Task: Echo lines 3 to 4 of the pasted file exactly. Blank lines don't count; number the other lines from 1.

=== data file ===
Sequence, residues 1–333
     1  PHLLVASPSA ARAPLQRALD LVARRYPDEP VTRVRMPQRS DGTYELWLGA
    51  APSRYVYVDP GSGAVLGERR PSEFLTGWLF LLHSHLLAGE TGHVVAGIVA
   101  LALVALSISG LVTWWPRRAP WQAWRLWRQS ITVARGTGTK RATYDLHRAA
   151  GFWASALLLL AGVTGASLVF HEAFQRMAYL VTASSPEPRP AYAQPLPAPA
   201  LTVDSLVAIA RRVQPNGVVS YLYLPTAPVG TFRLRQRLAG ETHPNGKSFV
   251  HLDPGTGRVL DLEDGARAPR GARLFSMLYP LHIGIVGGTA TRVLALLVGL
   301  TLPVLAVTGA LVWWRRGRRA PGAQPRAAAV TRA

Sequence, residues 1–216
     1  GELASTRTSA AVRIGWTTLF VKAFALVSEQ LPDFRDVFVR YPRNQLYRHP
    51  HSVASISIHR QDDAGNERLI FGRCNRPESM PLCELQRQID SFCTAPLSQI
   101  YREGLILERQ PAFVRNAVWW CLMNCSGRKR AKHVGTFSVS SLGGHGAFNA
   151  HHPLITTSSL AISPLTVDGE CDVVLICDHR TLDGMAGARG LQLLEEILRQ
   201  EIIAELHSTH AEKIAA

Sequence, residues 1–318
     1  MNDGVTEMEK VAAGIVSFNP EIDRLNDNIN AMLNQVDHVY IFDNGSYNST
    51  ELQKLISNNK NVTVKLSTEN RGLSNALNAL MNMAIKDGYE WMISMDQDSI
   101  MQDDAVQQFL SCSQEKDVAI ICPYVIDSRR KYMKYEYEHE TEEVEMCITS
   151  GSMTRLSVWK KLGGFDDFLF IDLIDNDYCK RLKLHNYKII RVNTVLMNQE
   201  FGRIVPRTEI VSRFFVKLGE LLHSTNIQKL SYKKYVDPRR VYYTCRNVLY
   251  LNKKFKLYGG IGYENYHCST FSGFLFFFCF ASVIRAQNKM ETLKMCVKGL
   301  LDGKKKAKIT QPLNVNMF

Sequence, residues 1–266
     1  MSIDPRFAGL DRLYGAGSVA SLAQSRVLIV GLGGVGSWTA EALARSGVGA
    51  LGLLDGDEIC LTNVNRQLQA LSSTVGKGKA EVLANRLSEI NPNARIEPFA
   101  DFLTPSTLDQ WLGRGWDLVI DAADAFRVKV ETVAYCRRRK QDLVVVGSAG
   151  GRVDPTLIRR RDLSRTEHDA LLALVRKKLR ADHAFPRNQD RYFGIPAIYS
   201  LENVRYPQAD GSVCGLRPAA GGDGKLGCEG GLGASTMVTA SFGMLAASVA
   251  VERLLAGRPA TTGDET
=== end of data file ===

    51  APSRYVYVDP GSGAVLGERR PSEFLTGWLF LLHSHLLAGE TGHVVAGIVA
   101  LALVALSISG LVTWWPRRAP WQAWRLWRQS ITVARGTGTK RATYDLHRAA